Patent number 8702931 is assigned to
The following quote was obtained by the news editors from the background information supplied by the inventors: "As is well known in the relevant arts, glycated hemoglobin (GHb) is formed in a non-enzymatic glycation pathway by hemoglobin's exposure to plasma glucose, over 120-day lifespan of the red blood cell (RBC). A buildup of glycated hemoglobin within the red cell, therefore, reflects the average level of glucose to which the cell has been exposed during its life. It is always expressed as percentage of total hemoglobin.
"Measurement of glycated hemoglobin levels may provide more accurate information on blood glucose levels over a long period of time (typically 120 days). In comparison, fasting blood glucose measurements merely indicate blood glucose levels over a much shorter period of time (typically on a daily basis). Estimation of percentage GHb may be valuable, for example, in devising optimum treatment strategies for long term management of diabetes. Various methods for the measurement of glycated hemoglobin are known in the art. Although techniques such as immunoassay, ion-exchange chromatography, electrophoresis, boronate affinity chromatography and high pressure liquid chromatography along with electrospray ionization mass spectrometry are commonly used in the laboratories, these techniques may be time consuming and may require bulky equipments. Other techniques to reduce the size of such equipments exploit the adsorption of GHb onto various materials like Zirconia nanoparticles, Aminophenyl boronic acid agarose beads, Thiophene-3-boronic acid on gold particles. However such materials may be associated with high costs, and designing these instruments may be complex. US patent no. 20100089774A1 discloses a screen printed electrode (SPE) system for detection of glycated hemoglobin and hemoglobin. However this method of detection involves elaborate use of buffers and reagents and uses potentiometric techniques to detect GHb. Addition of precise amount of liquid reagents, needs a lab technician with relevant experience and hence cannot be used by a common unskilled user. The present invention is directed towards the above problem and relates to easy to use disposable sensors for measuring percentage glycated hemoglobin in a blood sample. The inventors propose using a membrane modified with lysing agents, so that it can be used in miniaturized point of care devices for hemoglobin or glycated haemoglobin measurement. This technique eliminates the need for mixing in a separate lysis buffer which is a huge advantage in terms of making a point of care device both more user friendly and more robust. The inventors also propose the methodology for the specific detection of GHb and Hb."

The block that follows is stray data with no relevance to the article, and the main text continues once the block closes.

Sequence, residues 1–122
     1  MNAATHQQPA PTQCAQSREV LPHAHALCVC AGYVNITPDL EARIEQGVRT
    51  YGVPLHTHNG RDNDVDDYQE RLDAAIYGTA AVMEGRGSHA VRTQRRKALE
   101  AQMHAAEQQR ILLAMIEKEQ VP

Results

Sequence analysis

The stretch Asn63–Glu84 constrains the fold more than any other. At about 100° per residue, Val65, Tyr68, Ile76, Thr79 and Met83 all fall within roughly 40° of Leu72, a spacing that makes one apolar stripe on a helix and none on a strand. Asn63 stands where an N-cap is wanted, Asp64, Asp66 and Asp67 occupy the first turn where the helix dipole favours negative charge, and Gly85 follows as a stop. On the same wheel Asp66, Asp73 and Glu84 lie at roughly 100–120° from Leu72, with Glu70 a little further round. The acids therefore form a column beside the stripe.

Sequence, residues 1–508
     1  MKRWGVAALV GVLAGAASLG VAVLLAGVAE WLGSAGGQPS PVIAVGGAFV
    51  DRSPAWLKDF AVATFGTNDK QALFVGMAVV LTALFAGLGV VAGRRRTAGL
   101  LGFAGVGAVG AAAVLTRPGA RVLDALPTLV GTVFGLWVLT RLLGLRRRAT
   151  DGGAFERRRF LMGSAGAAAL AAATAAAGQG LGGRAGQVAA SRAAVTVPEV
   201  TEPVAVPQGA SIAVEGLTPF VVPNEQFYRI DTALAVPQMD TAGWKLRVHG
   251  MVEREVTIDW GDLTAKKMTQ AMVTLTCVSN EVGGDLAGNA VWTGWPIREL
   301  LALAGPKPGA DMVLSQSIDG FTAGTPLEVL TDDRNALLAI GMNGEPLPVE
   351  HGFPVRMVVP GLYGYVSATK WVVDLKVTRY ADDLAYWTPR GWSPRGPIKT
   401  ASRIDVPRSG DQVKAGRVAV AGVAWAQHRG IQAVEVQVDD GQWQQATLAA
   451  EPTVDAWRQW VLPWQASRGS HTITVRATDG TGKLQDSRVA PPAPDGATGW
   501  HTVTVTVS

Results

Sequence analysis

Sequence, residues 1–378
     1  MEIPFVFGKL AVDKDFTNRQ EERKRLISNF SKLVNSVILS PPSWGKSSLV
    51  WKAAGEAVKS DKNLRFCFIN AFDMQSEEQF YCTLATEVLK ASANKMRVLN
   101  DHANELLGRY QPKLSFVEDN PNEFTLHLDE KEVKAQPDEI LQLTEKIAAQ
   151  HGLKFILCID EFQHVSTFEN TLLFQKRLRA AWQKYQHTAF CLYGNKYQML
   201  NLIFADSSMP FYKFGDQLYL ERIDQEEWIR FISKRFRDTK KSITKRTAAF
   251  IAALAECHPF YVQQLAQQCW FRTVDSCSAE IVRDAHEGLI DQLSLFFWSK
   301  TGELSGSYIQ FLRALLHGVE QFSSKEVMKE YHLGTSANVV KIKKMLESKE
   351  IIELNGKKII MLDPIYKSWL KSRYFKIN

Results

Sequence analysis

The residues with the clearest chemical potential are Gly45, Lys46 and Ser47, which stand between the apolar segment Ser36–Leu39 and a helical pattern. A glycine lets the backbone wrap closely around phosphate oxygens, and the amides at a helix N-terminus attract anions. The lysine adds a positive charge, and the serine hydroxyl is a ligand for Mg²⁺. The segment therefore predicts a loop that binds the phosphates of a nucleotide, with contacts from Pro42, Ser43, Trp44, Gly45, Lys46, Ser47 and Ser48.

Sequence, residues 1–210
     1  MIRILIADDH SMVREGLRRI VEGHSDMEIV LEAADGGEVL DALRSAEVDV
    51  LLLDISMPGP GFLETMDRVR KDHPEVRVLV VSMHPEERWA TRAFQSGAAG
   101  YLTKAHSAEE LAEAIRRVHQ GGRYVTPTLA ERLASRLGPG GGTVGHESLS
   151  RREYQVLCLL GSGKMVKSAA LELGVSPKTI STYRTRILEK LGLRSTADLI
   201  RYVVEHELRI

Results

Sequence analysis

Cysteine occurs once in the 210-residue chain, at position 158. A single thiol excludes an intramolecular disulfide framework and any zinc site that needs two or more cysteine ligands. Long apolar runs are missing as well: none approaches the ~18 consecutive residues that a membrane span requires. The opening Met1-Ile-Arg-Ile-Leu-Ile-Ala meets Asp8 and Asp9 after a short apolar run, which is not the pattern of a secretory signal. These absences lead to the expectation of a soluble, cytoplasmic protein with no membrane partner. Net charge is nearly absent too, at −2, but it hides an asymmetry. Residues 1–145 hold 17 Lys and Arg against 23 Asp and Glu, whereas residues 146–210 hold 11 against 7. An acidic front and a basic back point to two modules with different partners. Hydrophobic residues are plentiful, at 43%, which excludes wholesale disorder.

In addition to the background information obtained for this patent, NewsRx journalists also obtained the inventors' summary information for this patent: "A disposable sensor for measuring glycated hemoglobin (GHb) and hemoglobin (Hb) has a GO-APBA (graphene oxide-3-Aminophenylboronic acid) coated working electrode and a GO modified working electrode. The sensor further has a reference electrode for maintaining potential and a counter electrode for maintaining charge balance and a salt-surfactant modified porous cellulose acetate membrane for lysing erythrocytes of blood cell samples and releasing hemoglobin molecules. The electrodes of the sensor are screen printed electrodes (SPE) and the lysis membrane is stitched on top of these electrodes. Detection of GHb is done using electrochemical impedance spectroscopy. A potential is applied between working electrode and reference electrode and the impedance between working electrode and counter electrode is determined. In another embodiment a two electrode system is used. The potential is applied between working and reference electrodes and the resultant current is measured between working and reference electrodes. A counter electrode is not used."
URL and more information on this patent, see: Vanjari,
Keywords for this news article include: Chemistry, Hemoglobins, Blood Proteins, Electrochemical,
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